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[12.10.02] Bucharest sketchings
[11.10.02] the next move
[09.10.02] through the Dracula's places
[06.09.02] information shortage
[03.09.02] applied ethnography
  [28.08.02] 424 volts
[20.08.02] little pleasures
[11.08.02] Marea Neagra
[02.08.02] an article about Romania
[30.07.02] Canada revealed
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18 Sep 2001 :: There were no news from me after I went to Romania. Well, I am ok and it was because I was settling here, starting with my new job, etc. I rented a 3 rooms appartment in the center of the city. I even can see the Moldovan king (knyaz? boyar?) palace from my window. I am also full of new impressions... [ more.. ]

26 Sep 2003 :: GNU and the Reasons.. [ more.. ]

17 Apr 2001 :: Today new versions both of motor and centericq were released. Details are on the programs' homepages... [ more.. ]

[ 3rd Sep 2002 ] applied ethnography | leave a comment

All of our intellectual and creative activity, as well as our emotional state, usually depend on our physical condition. It's like when you're tired you're not able to do anything no matter how many ideas you've got. It is another thing to be rejuvenated... With hectic activity comes progress as long as your energy is flowing in the creative way.

I'm not just making excuses. Sure, this note is quite late and my state of mind, described above, is to blame. I spent several days feeling like this, and now you're probably curious why. My answer is to share with you a story about the many impressions I have from visiting a Romanian wedding.

Along my other compatriots here I was invited to the great event by a guy whose name was Shtefan, he's a system administrator in our company. He was single until just recently and he decided to take a major step in his life. Obviously I had to accept the invitation to his wedding for the following reasons: 1) I like interesting parties; 2) It was an honour to be invited; and 3) It sounded like an opportunity to gather new impressions -- even if just to share it with the readers of my almost weekly creativity - the notes you see now on your monitors.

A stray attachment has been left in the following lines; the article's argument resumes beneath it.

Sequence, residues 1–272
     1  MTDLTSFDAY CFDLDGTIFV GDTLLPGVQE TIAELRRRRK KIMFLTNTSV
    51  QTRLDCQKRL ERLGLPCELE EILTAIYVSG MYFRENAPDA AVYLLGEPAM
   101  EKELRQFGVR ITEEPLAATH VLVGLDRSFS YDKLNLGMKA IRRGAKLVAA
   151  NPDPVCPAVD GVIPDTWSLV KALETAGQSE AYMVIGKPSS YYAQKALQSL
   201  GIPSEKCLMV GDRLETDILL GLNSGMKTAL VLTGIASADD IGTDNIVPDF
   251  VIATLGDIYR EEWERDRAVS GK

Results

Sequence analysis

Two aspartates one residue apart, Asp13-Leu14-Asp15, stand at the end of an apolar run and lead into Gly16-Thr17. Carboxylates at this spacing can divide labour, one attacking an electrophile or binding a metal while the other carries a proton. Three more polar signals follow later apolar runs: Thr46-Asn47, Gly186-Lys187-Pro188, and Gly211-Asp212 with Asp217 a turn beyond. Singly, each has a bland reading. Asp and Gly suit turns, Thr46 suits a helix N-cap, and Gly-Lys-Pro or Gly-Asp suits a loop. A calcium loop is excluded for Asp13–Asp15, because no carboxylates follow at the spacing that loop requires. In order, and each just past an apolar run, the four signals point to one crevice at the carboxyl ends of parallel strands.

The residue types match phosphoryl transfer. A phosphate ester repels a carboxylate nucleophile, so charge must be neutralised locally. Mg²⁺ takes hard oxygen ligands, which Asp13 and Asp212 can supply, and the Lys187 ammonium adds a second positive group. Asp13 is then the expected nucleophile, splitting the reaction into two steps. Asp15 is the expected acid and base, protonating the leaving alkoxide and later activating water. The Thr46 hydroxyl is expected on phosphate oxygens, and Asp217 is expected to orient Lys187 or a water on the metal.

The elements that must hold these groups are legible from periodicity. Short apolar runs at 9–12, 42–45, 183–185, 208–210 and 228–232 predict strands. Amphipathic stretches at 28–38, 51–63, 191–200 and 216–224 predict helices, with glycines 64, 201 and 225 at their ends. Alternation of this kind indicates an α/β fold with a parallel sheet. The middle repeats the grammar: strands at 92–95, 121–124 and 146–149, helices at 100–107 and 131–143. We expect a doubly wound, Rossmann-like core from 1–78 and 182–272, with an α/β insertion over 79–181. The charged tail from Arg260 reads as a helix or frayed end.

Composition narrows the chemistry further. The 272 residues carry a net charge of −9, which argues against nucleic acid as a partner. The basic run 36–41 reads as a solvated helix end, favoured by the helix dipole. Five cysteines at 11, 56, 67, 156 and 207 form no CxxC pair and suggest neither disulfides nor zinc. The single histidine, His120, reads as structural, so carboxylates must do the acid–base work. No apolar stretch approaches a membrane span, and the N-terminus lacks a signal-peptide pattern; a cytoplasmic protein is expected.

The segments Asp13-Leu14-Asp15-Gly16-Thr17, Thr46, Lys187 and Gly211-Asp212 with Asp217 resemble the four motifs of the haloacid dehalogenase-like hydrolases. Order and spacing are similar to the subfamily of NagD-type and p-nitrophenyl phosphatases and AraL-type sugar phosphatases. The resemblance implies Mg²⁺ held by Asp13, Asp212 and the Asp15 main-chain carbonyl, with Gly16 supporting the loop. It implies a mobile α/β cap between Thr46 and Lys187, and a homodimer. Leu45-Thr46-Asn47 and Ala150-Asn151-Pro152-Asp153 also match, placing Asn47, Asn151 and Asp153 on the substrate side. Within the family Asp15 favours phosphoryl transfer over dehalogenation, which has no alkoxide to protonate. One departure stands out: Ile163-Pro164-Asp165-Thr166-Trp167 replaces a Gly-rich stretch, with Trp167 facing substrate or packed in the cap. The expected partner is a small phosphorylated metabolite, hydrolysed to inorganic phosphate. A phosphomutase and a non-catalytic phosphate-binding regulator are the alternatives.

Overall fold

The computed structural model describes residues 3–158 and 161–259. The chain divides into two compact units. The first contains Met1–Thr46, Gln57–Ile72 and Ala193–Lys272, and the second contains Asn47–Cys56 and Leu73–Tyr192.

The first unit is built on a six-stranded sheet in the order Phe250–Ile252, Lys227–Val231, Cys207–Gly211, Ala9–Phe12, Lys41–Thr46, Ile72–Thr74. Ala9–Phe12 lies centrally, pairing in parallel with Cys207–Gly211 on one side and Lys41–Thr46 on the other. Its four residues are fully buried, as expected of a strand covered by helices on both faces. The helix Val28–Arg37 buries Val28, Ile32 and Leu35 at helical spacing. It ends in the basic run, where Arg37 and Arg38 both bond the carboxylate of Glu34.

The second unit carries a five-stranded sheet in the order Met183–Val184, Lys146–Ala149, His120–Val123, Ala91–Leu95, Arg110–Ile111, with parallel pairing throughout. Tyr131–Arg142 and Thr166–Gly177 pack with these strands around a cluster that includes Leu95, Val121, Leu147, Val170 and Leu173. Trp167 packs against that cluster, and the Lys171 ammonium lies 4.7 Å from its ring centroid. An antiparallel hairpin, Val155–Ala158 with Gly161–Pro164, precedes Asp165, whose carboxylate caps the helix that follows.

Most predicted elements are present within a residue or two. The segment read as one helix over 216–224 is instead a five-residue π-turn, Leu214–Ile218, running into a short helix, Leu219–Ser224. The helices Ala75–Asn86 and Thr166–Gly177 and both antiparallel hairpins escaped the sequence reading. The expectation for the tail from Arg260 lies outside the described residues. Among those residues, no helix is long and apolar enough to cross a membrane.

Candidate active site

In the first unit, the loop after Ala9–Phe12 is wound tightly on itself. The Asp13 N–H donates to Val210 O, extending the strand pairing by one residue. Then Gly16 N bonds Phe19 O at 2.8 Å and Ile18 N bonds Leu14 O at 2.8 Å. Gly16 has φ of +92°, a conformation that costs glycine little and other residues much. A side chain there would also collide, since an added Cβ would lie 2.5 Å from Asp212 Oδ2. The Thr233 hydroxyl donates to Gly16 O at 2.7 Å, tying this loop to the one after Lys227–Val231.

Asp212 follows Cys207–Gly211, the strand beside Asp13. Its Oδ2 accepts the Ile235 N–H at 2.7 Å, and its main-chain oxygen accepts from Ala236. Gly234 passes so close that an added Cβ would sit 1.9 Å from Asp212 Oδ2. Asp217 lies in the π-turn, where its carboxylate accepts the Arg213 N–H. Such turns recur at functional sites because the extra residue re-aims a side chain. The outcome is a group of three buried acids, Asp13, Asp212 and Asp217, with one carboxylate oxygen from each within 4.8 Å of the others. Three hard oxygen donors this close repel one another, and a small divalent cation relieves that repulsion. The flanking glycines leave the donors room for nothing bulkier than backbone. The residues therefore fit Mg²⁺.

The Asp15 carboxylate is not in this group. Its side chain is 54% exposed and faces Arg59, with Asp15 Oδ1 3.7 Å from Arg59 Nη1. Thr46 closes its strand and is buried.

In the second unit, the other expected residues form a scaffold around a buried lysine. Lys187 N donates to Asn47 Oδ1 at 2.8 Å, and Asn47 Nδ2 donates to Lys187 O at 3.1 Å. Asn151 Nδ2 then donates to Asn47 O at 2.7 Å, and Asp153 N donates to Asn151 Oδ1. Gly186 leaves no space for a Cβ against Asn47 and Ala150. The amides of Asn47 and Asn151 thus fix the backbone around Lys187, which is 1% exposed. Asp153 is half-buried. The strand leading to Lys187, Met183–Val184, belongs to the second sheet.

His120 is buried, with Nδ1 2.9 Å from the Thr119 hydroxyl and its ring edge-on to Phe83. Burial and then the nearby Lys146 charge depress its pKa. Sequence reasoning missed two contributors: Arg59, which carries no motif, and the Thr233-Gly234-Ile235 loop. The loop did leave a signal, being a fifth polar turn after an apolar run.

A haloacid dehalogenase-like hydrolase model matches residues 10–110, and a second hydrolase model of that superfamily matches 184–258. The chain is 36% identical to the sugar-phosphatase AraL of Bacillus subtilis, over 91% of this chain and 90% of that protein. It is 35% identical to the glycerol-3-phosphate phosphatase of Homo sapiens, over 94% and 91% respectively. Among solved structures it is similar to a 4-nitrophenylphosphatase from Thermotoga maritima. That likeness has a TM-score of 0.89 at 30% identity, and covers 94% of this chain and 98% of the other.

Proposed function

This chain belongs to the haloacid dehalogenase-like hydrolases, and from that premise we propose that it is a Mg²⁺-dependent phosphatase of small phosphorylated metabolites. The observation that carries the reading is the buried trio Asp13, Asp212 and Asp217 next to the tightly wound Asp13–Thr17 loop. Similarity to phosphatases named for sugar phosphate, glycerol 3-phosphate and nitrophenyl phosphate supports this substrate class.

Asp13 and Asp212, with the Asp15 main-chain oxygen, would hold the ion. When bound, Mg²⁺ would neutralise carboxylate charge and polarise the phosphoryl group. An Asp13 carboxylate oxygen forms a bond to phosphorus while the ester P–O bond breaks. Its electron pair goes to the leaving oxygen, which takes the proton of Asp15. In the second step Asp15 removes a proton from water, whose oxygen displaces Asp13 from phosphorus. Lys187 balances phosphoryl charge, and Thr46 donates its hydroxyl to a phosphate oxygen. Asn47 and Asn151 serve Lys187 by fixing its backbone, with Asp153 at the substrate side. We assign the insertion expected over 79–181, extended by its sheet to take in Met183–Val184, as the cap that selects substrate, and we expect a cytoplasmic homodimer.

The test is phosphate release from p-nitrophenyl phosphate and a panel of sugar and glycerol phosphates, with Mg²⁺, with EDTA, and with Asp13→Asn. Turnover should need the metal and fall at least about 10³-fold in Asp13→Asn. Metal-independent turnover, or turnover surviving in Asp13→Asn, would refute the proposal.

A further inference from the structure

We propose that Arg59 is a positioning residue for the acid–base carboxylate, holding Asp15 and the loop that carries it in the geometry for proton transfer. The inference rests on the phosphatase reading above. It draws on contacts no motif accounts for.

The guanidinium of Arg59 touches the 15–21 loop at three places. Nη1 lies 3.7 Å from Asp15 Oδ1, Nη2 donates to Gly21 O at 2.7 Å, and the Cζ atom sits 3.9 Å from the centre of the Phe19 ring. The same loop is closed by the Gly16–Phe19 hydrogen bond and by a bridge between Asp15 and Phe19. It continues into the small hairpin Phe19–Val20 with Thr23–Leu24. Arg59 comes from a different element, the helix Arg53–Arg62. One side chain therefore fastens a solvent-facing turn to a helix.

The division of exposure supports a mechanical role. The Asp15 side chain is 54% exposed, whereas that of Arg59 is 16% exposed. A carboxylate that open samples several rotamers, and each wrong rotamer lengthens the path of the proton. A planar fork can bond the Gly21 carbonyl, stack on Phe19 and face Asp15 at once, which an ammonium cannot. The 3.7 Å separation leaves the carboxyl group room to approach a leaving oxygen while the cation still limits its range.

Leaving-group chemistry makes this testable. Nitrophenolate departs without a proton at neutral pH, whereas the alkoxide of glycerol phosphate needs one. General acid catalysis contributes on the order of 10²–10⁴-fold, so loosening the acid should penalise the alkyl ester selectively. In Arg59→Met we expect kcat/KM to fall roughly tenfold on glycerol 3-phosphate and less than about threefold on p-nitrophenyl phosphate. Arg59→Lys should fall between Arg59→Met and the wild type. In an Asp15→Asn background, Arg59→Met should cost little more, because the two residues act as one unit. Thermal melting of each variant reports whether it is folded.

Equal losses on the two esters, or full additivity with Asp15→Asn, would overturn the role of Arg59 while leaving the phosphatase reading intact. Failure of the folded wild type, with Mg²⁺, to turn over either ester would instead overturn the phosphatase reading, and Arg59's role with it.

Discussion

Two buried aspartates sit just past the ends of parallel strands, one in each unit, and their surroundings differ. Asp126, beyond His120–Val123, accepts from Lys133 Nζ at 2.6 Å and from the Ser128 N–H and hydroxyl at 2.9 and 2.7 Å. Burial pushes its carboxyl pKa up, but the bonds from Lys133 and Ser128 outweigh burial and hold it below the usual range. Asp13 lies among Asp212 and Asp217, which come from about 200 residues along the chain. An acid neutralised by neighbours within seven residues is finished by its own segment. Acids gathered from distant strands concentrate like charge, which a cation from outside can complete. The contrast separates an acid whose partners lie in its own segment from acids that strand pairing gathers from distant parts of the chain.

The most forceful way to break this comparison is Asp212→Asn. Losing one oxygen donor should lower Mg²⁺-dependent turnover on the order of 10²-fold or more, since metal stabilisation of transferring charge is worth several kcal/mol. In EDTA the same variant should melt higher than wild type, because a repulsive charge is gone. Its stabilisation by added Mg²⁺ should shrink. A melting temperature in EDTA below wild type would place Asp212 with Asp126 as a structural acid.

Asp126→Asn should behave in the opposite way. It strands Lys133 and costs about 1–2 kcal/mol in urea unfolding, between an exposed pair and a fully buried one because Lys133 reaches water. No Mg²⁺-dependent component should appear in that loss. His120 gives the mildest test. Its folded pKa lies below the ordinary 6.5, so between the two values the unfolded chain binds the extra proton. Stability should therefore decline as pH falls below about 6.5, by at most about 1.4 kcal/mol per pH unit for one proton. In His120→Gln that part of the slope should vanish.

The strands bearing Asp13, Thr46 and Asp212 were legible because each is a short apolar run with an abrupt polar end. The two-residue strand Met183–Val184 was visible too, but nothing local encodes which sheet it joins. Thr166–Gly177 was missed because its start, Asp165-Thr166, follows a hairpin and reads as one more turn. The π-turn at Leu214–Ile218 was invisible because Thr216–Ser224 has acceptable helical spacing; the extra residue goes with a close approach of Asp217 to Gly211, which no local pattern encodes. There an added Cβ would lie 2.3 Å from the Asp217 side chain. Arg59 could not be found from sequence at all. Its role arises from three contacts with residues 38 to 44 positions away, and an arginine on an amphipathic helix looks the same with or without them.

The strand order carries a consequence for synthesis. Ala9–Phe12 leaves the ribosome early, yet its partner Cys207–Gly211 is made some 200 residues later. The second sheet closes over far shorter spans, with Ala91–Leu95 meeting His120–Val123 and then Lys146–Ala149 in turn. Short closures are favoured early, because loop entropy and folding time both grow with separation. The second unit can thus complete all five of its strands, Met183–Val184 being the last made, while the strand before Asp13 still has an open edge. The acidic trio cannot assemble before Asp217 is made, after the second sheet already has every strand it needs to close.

Romanians are a far cry from Germans when it comes to being punctual. Well, they are just like our people. Especially when it comes to celebrations. Despite the fact that the guests were invited to come to the wedding at 7pm, all of them failed to make it until 9pm. It was quite easy to find out about someone's arrival by the same (traditional?) melody that was played by the DJ. So, my first observation - the absence of live music. Man, I was glad to see it that way! Often, when I hear live musicians my hand itself starts looking for a machine-gun, napalm, a "Stinger" rocket-launcher or at the very least a nuclear bomb. Well, this sounds like an idiosyncrasy of mine but I really can't do anything about it. There also was no toast-master, by the way.

My second impression - the tables. There were no tables full of salads, aperitives, sliced meat, mushrooms, salted fish, vegetables, pancakes, patties, jellies, i.e. nothing a typical Russian eye is used to seeing at a celebration. To my deep disappointment, all of the tables were arranged with only dishes of various cookies! Keep in mind that I intentionally didn't eat dinner that day -- I wasn't too glad to see the cookie selection. In addition to biscuit industry products there were glasses of cognac - one glass per head. There was also some fruit-drink and finally wine. Though that was a bit later.

At a given moment we took our places in the room and watched the guests arrive. The people came well-dressed, men in suits and ladies in smart dresses, fancy hair and make-up. They stuck white bows on the chest of every new arrival.

Now, a few words about the place - It was called Casa Armatei (the army's house) and judging from the name it was a relic from the communist period. It was situated not far away from the center of the city, on the slope of an hill in the Copou district was. It is a special place for various ceremonies, as far as I understood. Not really a delux place or anything, but it had all the needed stuff. The only thing that confused me was the toilet's location. It was behind the DJ. There was a curtain that you had to push aside in order to see the door. I had to ask for directions there twice - just in case.